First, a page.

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Ceramic tiles keep cracking... any suggetions?

pmnhsn5pmnhsn5 Posts: 19
edited 2:13PM in EggHead Forum
I have my egg resting on the feet on top of a ceramic tile. I do get my egg up to 600 or so to sear steaks and such. I have also used granite, about 1/2 inch, but didn't use the legs with it, it also cracked. I am trying not to raise my egg up much more it is already sitting pretty high.
Any suggestions?

Comments

  • RRPRRP Posts: 21,921
    2" thick cement stepping stones available from any big box store like orange or blue.
    L, M, S, &  Mini
    And oh yes...also a 17" BlackStone gas fired griddle! 
    Ron
    Dunlap, IL
    Re- gasketing AMERICA one yard at a time!
  • Bobby-QBobby-Q Posts: 1,994
    Use the concrete paving stone and ditch the feet. That should keep you about where you are now on height.

    The feet were designed to use the EGG on the ground (patio), not for using in tables. I imagine it won't be long before the feet go into limited production and are just sold as an accessory.
  • I went to a local fireplace store and bought eight firebricks (cheap). Put them on the shelf of my table, then put the Egg on three feet on top of the firebricks. Eight firebricks are plenty to more than cover the area the Large Egg sits on, and this is exactly what they are best for. They are specifically designed to absorb as much heat as you can throw at them.
  • RRPRRP Posts: 21,921
    hmmmm, that's interesting...this another cost saving cut by the new brainy boy? Will we soon be seeing short curved legs with furniture style ball casters on them like he made the new logo look like?
    L, M, S, &  Mini
    And oh yes...also a 17" BlackStone gas fired griddle! 
    Ron
    Dunlap, IL
    Re- gasketing AMERICA one yard at a time!
  • pmnhsn5pmnhsn5 Posts: 19
    Ok, those bricks on feet will raise my egg up a lot higher then I would like for my current table. I will check my fireplace store to see if they have other options. Thanks
  • ShedFarmShedFarm Posts: 499
    You don't say what is under the tile, so I'm going to assume you have a table made of wood. If so, you really need both the ceramic feet and something like one of the concrete pavers that has already been mentioned. There are others on the forum that have experienced their tables having scorch marks, and even had the wood burn through the table, when only the pavers were used. Ceramic tile is much thinner, and won't give you nearly the level of thermal insulation you need between your egg and table.

    Yes, that's going to make your egg sit up higher. Your two options are then to either lower the entire shelf that the egg is sitting on, or figure out a way to inset the paver into the lower shelf's framing.

    A picture of your current setup may make it easier for others to offer suggestions.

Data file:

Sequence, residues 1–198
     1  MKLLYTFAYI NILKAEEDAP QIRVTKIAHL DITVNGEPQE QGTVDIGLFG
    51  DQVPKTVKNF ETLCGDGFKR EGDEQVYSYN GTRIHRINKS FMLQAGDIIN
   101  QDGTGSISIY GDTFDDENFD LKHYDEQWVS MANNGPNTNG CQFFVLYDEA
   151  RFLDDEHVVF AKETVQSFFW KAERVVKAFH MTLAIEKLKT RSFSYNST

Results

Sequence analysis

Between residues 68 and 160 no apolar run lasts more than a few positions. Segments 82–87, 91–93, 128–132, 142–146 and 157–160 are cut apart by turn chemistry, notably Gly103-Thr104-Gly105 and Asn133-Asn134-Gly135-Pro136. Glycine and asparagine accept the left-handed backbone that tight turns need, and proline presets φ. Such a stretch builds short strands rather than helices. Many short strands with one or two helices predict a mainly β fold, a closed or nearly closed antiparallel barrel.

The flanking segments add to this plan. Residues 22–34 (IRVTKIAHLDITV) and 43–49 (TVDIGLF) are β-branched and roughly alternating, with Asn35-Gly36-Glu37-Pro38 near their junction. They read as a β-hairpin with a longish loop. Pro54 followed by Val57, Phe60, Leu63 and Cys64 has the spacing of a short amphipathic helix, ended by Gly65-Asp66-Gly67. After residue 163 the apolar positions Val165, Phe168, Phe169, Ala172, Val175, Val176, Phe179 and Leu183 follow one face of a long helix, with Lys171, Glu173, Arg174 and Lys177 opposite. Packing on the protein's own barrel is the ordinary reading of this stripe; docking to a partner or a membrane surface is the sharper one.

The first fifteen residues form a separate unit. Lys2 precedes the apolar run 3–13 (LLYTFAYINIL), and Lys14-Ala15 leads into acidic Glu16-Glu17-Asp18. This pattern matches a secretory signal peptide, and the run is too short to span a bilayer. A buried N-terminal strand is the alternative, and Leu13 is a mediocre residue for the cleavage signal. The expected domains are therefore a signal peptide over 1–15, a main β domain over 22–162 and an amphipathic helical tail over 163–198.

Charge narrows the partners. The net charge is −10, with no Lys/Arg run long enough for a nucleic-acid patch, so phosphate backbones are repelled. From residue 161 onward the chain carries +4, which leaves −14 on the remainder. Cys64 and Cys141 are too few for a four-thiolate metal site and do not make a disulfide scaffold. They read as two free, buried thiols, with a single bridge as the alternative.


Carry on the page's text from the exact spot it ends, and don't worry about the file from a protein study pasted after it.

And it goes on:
BJ (Powhatan, VA)
  • stikestike Posts: 15,597
    well, absorb without breaking. they still get hot, as hot as another type of brick in the same place
    ed egli avea del cul fatto trombetta -Dante
  • fishlessmanfishlessman Posts: 22,874
    bobbyq was a long time employee of bge, listen to him ;) if you go the firebrick route, buy splits, about 3/4 inch thick, i still like a space, three quarters under the egg will work, use the feet for something else ;)
  • PhilsGrillPhilsGrill Posts: 2,256
    You never mention what size egg you have. Find it hard to believe they crack due to heat since the egg is so well insulated at those point. Hope you don't have an XL sitting on them because they are not to be used with and XL.
  • DnormanDnorman Posts: 117
    As it is now we don't even sell the feet any more. they come with the eggs and that is it.
  • RipnemRipnem Posts: 5,511
    You should mount these tiles of yours to a concrete type 'tile backer' board and then put you feet back on and try that. Betcha it works. ;)

    Get the tile thinset from an actual tile supply dealer and tell them that you need one that has a 'flex' to it. It's made for large porcelain(and others I'm sure) tiles that need to flex. Should only raise your current setup 3/4 of an inch or so.
  • RRPRRP Posts: 21,921
    isn't it also a matter of the type of tile? I mean you can put floor tile on a wall, but you can't put wall tile on a floor.
    L, M, S, &  Mini
    And oh yes...also a 17" BlackStone gas fired griddle! 
    Ron
    Dunlap, IL
    Re- gasketing AMERICA one yard at a time!
  • stikestike Posts: 15,597
    you can certainly put wall tile on a floor. though if it's glazed, you'll have a problem walking :laugh: it may also wear differently, but installed properly, how does the tile know if it is on a wall or floor? :)

    thickness and mass is what we are after here, gentlemen.

    that, or we can run in the other direction and use shuttle tiles, which are all about insulation.

    barring the use of shuttle tiles (some used ones may be coming on the market soon), i'd go with something an inch and a half thick or so at least, feet would be a bonus
    ed egli avea del cul fatto trombetta -Dante
  • RRPRRP Posts: 21,921
    I was just echoing what the owner of the tile store told us a couple years ago when we were selecting tile for our remodeling.
    L, M, S, &  Mini
    And oh yes...also a 17" BlackStone gas fired griddle! 
    Ron
    Dunlap, IL
    Re- gasketing AMERICA one yard at a time!
  • RipnemRipnem Posts: 5,511
    Roger that. ;)
  • RipnemRipnem Posts: 5,511
    Gotta watch those salesmen. :ermm:
  • stikestike Posts: 15,597
    He was selling tile!
    :laugh:
    To some extent it's true. On the other hand, it isn't true
    ed egli avea del cul fatto trombetta -Dante
  • AngelaAngela Posts: 543
    Firebrick is the only thing ( other than BGE feet) that belong there IMO.
    Egging on two larges + 36" Blackstone griddle
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